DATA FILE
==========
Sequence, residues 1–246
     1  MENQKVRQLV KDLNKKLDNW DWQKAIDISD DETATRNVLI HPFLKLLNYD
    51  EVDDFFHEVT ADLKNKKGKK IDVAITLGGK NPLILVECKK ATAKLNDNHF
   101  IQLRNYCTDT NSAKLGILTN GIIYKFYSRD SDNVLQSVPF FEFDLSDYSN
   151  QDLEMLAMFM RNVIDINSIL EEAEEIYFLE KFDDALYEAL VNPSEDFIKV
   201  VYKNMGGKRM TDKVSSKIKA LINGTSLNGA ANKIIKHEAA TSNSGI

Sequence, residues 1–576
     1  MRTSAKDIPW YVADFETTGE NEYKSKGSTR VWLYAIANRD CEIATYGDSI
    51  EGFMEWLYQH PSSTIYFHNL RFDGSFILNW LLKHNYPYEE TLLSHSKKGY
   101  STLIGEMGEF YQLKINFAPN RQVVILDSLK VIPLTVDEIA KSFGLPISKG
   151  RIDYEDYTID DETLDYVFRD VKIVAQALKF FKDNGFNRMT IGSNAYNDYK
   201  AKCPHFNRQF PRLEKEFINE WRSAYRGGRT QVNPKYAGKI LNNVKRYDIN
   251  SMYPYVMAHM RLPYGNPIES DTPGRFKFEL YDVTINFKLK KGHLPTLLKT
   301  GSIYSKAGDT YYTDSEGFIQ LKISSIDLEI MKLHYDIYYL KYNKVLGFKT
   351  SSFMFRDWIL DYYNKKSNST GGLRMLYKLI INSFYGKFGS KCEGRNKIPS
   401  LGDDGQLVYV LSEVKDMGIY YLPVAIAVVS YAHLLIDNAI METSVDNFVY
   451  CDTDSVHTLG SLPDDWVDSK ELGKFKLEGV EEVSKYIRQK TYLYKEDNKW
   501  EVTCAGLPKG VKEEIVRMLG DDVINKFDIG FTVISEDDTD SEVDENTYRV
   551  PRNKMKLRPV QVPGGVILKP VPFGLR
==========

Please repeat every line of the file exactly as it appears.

Sequence, residues 1–246
     1  MENQKVRQLV KDLNKKLDNW DWQKAIDISD DETATRNVLI HPFLKLLNYD
    51  EVDDFFHEVT ADLKNKKGKK IDVAITLGGK NPLILVECKK ATAKLNDNHF
   101  IQLRNYCTDT NSAKLGILTN GIIYKFYSRD SDNVLQSVPF FEFDLSDYSN
   151  QDLEMLAMFM RNVIDINSIL EEAEEIYFLE KFDDALYEAL VNPSEDFIKV
   201  VYKNMGGKRM TDKVSSKIKA LINGTSLNGA ANKIIKHEAA TSNSGI

Sequence, residues 1–576
     1  MRTSAKDIPW YVADFETTGE NEYKSKGSTR VWLYAIANRD CEIATYGDSI
    51  EGFMEWLYQH PSSTIYFHNL RFDGSFILNW LLKHNYPYEE TLLSHSKKGY
   101  STLIGEMGEF YQLKINFAPN RQVVILDSLK VIPLTVDEIA KSFGLPISKG
   151  RIDYEDYTID DETLDYVFRD VKIVAQALKF FKDNGFNRMT IGSNAYNDYK
   201  AKCPHFNRQF PRLEKEFINE WRSAYRGGRT QVNPKYAGKI LNNVKRYDIN
   251  SMYPYVMAHM RLPYGNPIES DTPGRFKFEL YDVTINFKLK KGHLPTLLKT
   301  GSIYSKAGDT YYTDSEGFIQ LKISSIDLEI MKLHYDIYYL KYNKVLGFKT
   351  SSFMFRDWIL DYYNKKSNST GGLRMLYKLI INSFYGKFGS KCEGRNKIPS
   401  LGDDGQLVYV LSEVKDMGIY YLPVAIAVVS YAHLLIDNAI METSVDNFVY
   451  CDTDSVHTLG SLPDDWVDSK ELGKFKLEGV EEVSKYIRQK TYLYKEDNKW
   501  EVTCAGLPKG VKEEIVRMLG DDVINKFDIG FTVISEDDTD SEVDENTYRV
   551  PRNKMKLRPV QVPGGVILKP VPFGLR